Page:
Sticking to a regular, healthy sleep cycle is tough at the best of times, but for shift workers it’s down-right impossible. Working changeable hours, day and night, forces individuals to sleep against the clock, consequently increasing their risk of chronic health conditions (including heart disease and cancer), poor mental health and early death.
In fact, it’s considered to have such an impact on a person’s health that there is even a medical term for it: Shift Work Disorder (SWD).
Shift work: Why it’s so bad for us
You have an internal body clock in your brain that produces circadian rhythms which signal to you when it is time to sleep or wake up, This is often set by exposure to sunlight-research says. Shift workers must fight the body’s natural rhythms to try and stay awake and then feel sleepy in the day when the body expects to be alert.
Unfortunately shift workers have the hardest time when it comes to achieving a good night’s sleep. Some shift workers may work a week of nights, others may have mixed rotating shifts, making it difficult to get into any kind of routine. Even if they do sleep well, many shift workers often feel like they haven’t had enough sleep and find themselves lethargic and irritable.
Make it better
However, if you work shifts then don’t despair just yet – there are things that can be done to help. “Because of the different sleep times, bedtime routines should be taken from environmental cues rather than timings,” says Lisa, highlighting the significance of creating a sleep space that works to optimize your rest periods.
Here are nine things you can do to try and gain control over an erratic sleep pattern:
- Try to avoid caffeine at least six hours before sleep and a heavy meal at least two to three hours before bed.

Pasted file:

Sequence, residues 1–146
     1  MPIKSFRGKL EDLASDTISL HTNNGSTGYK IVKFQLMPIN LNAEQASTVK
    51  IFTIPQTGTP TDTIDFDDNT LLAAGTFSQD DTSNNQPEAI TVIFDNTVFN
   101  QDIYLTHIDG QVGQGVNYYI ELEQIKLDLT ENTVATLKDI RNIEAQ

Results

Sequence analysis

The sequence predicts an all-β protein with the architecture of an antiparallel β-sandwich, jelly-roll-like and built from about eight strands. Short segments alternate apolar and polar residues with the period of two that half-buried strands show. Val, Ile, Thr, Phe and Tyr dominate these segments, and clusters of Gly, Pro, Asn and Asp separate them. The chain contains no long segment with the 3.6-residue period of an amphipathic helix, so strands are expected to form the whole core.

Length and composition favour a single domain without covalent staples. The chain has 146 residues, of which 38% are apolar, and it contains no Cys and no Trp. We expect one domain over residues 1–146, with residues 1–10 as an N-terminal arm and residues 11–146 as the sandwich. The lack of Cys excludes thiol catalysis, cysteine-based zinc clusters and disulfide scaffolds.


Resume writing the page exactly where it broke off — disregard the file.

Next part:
- Mealtimes can be irregular when working shifts but try to keep to three regularly spaced meals and use these as cues for your body clock.
- Use light to keep melatonin levels suppressed during night shifts. Equally, use light (such as a sunshine alarm clock or light box) to regulate the body clock.
- Whatever time you go to bed, wind down properly. Avoid using mobile phones, iPads and watching TV and instead try yoga or meditation to reduce stress levels and help switch off alongside a warm bath or shower.Keep lights low or shut curtains to help the body’s natural melatonin production.
- When working a night shift, try a short nap (no longer than 40 minutes) around two hours before work to boost energy levels.
- Keep bedroom décor calm and soothing. Trying to sleep in the day is hard but ensure there are dark curtains and a blackout blind to block out light. Use foam ear plugs to muffle external noise.
- If you have trouble getting to sleep, lavender, passion flower, hops, orange blossom, Scot’s pine, chamomile and peppermint all claim to promote sleep. And milky night time drinks really do help bring on the Zzzs.
- Try to catch up on ‘recovery sleep’ at weekends or on days off. Where possible, try ‘anchor sleep’ where you have at least four hours sleep at the same time every night / morning, for example between 3am and 7am.